Virginia Sues Town of Windsor, Accusing It of Discriminatory Policing
The suit comes after a monthslong investigation, which Attorney General Mark Herring said uncovered a pattern of “discriminatory, unconstitutional policing.”,
The suit comes after a monthslong investigation, which Attorney General Mark Herring said uncovered a pattern of “discriminatory, unconstitutional policing.”
Virginia’s attorney general filed a lawsuit on Thursday against the town of Windsor, seeking changes in policing and saying that his office’s monthslong investigation uncovered evidence of discriminatory, unconstitutional policing.
The Windsor Police came under scrutiny after an incident in December 2020, when police officers threatened and pepper sprayed Caron Nazario, a Black and Latino military officer, at a traffic stop, an encounter that was caught on camera.
Virginia’s attorney general, Mark Herring, said in a statement that “while our investigation was spurred by the egregious treatment against Lieutenant Nazario that we all saw in bodycam footage, we discovered that this incident was indicative of much larger problems within the department.”
The investigation revealed “huge disparities in enforcement against African American drivers, and a troubling lack of policies and procedures to prevent discriminatory or unconstitutional policing,” the statement said.
This was the first time the state of Virginia has sued a law enforcement agency under a new law that gives the attorney general the right to do so in cases involving civil rights violations. About 2,600 people live in Windsor, a town roughly 70 miles southeast of Richmond.
Chief Rodney Daniel Riddle of the Windsor Police emailed a “statement from the town” and the police department that said the decision to file a lawsuit against Windsor was “clearly political.”
“Windsor, including its police department, remains vigilant in protecting the rights of all residents of the town, Isle of Wight County, Commonwealth of Virginia and nation, regardless of race or gender, who pass through its limits,” the statement said.
Lieutenant Nazario, of the U.S. Army Medical Corps, was driving to Petersburg, Va., last year when he saw police lights flashing behind him. He did not want to stop on a dark road, so he drove about a mile to a gas station, according to a lawsuit and video footage of the encounter.
When he stopped, a Windsor police officer ordered Lieutenant Nazario, then 27, to get out of his car. Lieutenant Nazario asked why he had been stopped and why the officers had drawn their guns.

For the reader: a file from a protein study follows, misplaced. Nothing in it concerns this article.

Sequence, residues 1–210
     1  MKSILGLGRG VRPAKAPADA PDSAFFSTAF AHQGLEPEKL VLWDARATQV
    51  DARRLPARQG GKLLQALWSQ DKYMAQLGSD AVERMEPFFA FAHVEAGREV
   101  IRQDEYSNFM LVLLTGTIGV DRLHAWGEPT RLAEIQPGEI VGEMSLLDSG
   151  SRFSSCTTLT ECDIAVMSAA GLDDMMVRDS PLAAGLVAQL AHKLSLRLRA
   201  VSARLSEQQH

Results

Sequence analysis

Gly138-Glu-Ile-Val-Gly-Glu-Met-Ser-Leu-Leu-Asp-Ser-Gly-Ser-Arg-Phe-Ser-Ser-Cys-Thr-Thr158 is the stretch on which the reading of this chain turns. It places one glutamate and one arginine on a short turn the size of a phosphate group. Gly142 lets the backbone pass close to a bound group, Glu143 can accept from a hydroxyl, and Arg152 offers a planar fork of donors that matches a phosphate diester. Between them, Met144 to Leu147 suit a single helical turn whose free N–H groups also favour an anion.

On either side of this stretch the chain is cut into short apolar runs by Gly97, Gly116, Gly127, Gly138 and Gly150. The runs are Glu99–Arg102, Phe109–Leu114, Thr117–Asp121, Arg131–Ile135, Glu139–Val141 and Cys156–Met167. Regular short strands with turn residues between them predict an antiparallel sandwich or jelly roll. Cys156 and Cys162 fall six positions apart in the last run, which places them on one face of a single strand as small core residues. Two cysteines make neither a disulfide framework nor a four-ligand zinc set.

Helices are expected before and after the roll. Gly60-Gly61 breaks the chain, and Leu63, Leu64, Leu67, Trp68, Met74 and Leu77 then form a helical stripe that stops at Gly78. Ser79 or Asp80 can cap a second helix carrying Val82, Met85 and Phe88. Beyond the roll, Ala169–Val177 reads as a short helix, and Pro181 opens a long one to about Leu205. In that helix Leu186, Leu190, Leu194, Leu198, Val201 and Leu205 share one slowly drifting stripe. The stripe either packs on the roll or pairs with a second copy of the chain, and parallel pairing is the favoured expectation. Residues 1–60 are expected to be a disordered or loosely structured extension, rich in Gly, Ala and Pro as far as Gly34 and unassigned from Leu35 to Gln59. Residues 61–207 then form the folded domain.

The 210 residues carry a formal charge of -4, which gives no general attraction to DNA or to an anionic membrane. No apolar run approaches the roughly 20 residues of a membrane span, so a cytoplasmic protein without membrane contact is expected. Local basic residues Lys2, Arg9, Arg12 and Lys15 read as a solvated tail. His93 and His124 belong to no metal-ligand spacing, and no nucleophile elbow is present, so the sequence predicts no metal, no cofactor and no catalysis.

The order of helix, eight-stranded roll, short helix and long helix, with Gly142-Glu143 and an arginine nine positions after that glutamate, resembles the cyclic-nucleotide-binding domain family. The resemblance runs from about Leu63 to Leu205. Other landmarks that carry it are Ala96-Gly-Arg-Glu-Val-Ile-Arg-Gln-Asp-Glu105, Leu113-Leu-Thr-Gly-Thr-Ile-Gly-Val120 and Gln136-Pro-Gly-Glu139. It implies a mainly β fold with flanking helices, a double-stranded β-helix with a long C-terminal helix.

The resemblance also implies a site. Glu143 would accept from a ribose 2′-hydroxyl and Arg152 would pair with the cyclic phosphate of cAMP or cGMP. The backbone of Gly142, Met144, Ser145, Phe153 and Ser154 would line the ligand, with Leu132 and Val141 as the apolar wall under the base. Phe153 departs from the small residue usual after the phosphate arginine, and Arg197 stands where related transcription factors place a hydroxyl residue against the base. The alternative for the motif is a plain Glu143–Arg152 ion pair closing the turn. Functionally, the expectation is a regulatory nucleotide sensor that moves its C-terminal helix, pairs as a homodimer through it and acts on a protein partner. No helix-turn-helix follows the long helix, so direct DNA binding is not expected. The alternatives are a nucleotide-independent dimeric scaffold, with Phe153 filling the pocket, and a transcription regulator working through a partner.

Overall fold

“I’m honestly afraid to get out of the car,” he said, as he stayed in his seat. “Yeah,” says one of the officers, according to footage from his body camera. “You should be.”
The officers proceeded to pepper spray Lieutenant Nazario while he was in his car, as he pleaded for them to make sure his dog, Smoke, was not choking in the back of the car.
The state’s lawsuit seeks court-ordered policy changes in the Windsor Police Department, including that traffic stops are conducted without bias and that use of force incidents are reported in compliance with state law.
It also seeks a court order barring the Windsor police from engaging in discriminatory activities and a court-ordered period of independent monitoring of the department, at its own expense, with a civil penalty of $50,000 for each proven violation of the Virginia Human Rights Act.
The attorney general’s investigation found that Black drivers accounted for about 42 percent of the department’s traffic stops from July 2020 through Sept. 2021. That number was much higher than expected based on the number of Black residents in the town, the office said. In addition, the number of traffic stops and citations reported to the town council was lower than the number reported to the state for tracking and reporting purposes.
The statement sent by Chief Riddle said that the police department practices nondiscriminatory policing and has taken additional steps since the incident to increase training and accountability.
The statement also called the data cited in the attorney general’s investigation “questionable.”It said that the town’s seven-person police force includes minority representation. “There was no need for Mr. Herring to file this lawsuit, except perhaps for the sake of headlines, which he will surely receive,” the statement said.
A spokesman for the town, Joel Rubin, said that an officer was fired after Lieutenant Nazario was stopped last year. Mr. Rubin said the attorney general’s numbers were questionable because they did not take into account many people passing through the town, which is along a highway, Route 460.
In April, Lieutenant Nazario filed a lawsuit in the U.S. District Court for the Eastern District of Virginia. He accused the officers of illegally searching his car, using excessive force and violating his rights under the First and Fourth Amendments. He also accused the officers of threatening to destroy his military career by charging him with multiple crimes if he raised concerns about their conduct, according to the complaint.
A lawyer for Lieutenant Nazario could not immediately be reached for comment.